JimBrownArtModell2Brown reached out to Modell in 1984 to mend fences with the Browns organization, (although the photo at right is dated later than that) and there were kind words all around when the two got together to watch the Browns play a game. He returned to Cleveland in 1989 to promote his second autobiography Out of Bounds, meeting with Browns players and media as part of the trip. The rehabilitation of the relationship has been ongoing in fits and starts ever since.

Today Jim Brown’s focus is on his Amer-I-Can program, targeted at turning around the lives of gang members and reducing gang violence, and the program has met with much success and acclaim. As he always has, Brown’s approach is first and foremost to talk to the people on the street. He has always been able to command the respect and gain the trust of young people, and he uses that basis to communicate hard truths to them.

JimBrown21He has opened up his Los Angeles home to gang members who need a place to feel safe and cared for, and their presence has been a constant feature of his life there since. It’s hard to imagine a more generous and selfless act than that. This is no 9-to-5 gig.

Begun in the late 80’s, the program took off after the 1992 gang riots in L.A. In recent years Amer-I-Can has helped broker truces and peace agreements between gangs that have had the very real effect of saving lives of blacks and Hispanics in South Central L.A., and the program has been expanded to other cities under Brown’s leadership. He had been active for years in economic development in the inner city, but Brown could see that, in Los Angeles at least, he had to put other priorities ahead of economics.

“I was doing economic development for minorities. I was getting black folks to use their dollars to help each other. I looked up and saw black men killing each other over red and blue. Until we did something about that, there was no use for economic development.”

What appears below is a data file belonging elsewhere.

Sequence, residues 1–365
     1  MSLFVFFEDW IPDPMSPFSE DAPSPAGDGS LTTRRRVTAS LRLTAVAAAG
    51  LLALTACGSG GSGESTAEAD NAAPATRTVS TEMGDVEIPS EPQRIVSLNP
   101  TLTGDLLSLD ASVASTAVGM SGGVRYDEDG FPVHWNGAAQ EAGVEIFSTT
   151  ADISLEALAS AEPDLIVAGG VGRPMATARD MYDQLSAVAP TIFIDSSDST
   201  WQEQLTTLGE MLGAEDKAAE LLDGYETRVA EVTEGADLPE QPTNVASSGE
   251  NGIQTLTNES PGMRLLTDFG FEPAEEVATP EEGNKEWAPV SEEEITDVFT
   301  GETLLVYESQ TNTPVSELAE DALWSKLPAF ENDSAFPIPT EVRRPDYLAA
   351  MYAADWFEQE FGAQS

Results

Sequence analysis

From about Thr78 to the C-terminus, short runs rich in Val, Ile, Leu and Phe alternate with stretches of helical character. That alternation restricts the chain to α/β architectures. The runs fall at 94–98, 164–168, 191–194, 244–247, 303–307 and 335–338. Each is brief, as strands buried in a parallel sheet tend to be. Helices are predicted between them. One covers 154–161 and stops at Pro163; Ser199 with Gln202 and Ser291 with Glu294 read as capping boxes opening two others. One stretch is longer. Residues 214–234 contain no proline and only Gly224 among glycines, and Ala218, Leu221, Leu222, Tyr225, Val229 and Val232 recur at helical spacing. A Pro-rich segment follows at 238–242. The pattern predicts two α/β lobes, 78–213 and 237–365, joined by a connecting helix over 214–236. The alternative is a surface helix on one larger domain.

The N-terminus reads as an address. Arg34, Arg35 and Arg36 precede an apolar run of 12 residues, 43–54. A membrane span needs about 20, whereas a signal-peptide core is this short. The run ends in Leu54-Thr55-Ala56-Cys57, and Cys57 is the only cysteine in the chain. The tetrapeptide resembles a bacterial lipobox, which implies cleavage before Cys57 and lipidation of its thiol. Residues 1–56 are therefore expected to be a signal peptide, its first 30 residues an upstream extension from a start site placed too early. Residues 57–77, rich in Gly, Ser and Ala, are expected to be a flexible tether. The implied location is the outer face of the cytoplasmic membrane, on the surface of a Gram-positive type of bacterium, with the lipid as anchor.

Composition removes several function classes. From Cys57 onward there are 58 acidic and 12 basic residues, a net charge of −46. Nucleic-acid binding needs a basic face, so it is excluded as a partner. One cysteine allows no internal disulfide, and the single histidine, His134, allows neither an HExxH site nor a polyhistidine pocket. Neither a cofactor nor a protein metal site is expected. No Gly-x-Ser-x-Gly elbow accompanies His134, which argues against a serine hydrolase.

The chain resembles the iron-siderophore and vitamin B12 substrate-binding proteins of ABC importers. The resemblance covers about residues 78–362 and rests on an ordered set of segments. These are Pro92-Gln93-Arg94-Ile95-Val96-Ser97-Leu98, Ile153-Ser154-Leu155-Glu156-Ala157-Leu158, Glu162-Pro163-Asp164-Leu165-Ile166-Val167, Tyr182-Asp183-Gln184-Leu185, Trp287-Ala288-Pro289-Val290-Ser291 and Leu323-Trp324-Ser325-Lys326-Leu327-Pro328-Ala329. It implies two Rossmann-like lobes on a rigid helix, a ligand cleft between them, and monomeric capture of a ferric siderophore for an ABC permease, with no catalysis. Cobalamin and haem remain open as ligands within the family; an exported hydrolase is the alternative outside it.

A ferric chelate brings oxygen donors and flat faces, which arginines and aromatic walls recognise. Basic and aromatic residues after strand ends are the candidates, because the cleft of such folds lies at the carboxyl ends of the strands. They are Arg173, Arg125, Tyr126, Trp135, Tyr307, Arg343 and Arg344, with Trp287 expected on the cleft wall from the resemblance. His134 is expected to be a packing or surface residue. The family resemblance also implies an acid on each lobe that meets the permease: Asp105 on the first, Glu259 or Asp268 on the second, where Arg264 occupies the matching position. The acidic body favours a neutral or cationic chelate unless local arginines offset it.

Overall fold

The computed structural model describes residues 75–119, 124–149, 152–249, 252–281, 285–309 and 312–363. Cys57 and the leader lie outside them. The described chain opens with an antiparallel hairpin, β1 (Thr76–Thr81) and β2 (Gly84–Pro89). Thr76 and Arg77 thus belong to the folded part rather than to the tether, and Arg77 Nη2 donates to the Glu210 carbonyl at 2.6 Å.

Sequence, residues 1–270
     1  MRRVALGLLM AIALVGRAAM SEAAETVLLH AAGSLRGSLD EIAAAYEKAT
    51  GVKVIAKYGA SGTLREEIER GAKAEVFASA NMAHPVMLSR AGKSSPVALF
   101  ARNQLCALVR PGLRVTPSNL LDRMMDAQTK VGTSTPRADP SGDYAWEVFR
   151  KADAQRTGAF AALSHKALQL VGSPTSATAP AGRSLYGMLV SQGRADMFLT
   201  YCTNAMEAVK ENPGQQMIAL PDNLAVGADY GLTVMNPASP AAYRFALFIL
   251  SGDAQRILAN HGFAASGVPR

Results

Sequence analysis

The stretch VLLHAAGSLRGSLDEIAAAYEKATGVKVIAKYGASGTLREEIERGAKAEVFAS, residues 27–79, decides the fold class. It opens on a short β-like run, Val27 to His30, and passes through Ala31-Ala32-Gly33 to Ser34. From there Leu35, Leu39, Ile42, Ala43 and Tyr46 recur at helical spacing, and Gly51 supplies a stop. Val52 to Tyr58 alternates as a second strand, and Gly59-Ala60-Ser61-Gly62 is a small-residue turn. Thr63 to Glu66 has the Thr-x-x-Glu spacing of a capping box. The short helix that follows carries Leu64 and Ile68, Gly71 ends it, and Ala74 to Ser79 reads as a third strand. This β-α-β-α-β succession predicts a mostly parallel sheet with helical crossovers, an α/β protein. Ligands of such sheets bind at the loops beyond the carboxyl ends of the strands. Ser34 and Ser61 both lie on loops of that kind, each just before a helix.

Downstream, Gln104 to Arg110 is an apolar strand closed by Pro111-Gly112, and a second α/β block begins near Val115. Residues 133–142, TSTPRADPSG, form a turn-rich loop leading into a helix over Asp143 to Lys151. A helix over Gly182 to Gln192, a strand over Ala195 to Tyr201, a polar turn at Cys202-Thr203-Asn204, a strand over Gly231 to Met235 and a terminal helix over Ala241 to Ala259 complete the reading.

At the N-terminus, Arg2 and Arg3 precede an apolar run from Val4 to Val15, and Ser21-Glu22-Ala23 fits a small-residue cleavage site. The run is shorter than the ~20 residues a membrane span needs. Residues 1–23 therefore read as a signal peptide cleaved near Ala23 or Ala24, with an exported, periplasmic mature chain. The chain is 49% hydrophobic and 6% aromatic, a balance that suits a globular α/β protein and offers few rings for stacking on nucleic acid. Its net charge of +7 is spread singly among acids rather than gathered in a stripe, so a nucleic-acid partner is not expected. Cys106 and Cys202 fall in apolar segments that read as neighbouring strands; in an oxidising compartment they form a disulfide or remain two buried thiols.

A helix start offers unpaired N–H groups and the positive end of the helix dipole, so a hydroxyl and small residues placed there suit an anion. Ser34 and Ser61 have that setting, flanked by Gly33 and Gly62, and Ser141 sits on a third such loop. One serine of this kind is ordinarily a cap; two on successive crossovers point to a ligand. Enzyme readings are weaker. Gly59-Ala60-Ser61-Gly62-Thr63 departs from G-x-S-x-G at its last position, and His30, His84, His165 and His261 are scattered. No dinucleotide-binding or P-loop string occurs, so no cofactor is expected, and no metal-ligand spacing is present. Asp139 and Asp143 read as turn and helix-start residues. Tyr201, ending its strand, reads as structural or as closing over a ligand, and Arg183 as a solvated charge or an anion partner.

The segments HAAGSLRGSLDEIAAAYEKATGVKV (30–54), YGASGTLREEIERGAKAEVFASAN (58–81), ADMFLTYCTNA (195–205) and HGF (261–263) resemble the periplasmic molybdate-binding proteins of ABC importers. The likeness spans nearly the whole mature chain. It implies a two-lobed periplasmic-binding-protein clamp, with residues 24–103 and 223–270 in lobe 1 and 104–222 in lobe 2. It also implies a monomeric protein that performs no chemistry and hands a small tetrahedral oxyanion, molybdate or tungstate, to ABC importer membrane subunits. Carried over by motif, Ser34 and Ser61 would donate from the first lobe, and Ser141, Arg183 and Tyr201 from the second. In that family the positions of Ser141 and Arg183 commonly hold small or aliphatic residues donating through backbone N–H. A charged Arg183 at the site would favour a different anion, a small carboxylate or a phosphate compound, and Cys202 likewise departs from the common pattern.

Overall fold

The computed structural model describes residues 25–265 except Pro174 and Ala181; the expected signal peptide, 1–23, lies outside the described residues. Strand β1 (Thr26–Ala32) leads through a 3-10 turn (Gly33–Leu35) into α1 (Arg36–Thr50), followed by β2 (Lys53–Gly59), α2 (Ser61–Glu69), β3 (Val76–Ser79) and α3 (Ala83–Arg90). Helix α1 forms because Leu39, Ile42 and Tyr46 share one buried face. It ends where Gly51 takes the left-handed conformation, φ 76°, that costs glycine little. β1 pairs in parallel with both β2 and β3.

A New York Daily News article sums up the core aims of the program:

The heart of the program is what Brown and Johnson simply refer to as “the curriculum,” a 15-lesson course Brown developed with sociologists and educators that encourages its students to examine their motivations and prejudices, gain control of their emotions, solve everyday problems and build family ties. The course also helps students find and keep jobs, as well as maintain financial stability. Brown says the curriculum is intended to counter the materialism and winner-take-all mentality that he sees in American culture. Money, he says, can’t buy inner peace.

Jim Brown...older, wiser, and still pushing to right wrongs, and inspire others to stand up for themselves.


“I have no trophies in my home. When I lay down, I think of all the experiences I’ve had and the respect I’ve gotten. That’s my glory”  


JimBrown13Jim Brown has said that he takes some satisfaction in being appreciated by generations of Cleveland Browns football fans. He appreciates the passing down from fathers to sons the love of the game, and the loyalty to a team. In many ways, I am that fan...having been on both the receiving and the giving end of that tradition.

I’m not too proud to admit that Jim Brown was a boyhood idol of mine. He was the player every kid in the backyard game wanted to be, when we slogged around in the mud.  On a half dozen or so occasions, when my dad was able to wangle some tickets, I got a chance to see Jim Brown play in person at Municipal Stadium as a kid in my pre-teen years of 9-12.

My enduring memory of those games is that every time Jim Brown touched the football, it was an event. If it looked like #32 was going to get the handoff...even before he got the ball, the crowd would rise to their feet, with a collective roar of anticipation that would continue until he was tackled...or not. The roar would subside, and they could return to their seats to await the next play.

The opponent, the score, and the time of the game were to some degree inconsequential. No one wanted to miss it if he went all the way, and everyone knew it could happen on any given play.

This profile has gone on way too long, but I hope that if Mr. Brown ever lays eyes on it, he will see it as it was a tribute to him by a Browns fan. For our readers, I hope it promotes understanding of one of Cleveland’s great sports with strengths and with flaws, like the rest of us.

And if it has not been obvious throughout, I will also say that my childhood awe of Jim Brown has evolved in my later years into a more genuine admiration of him for the selfless work he has done for decades to help his fellow man. For that, and for being the best player I have ever seen, I’ll just say....

Thanks, 32


Jim Brown -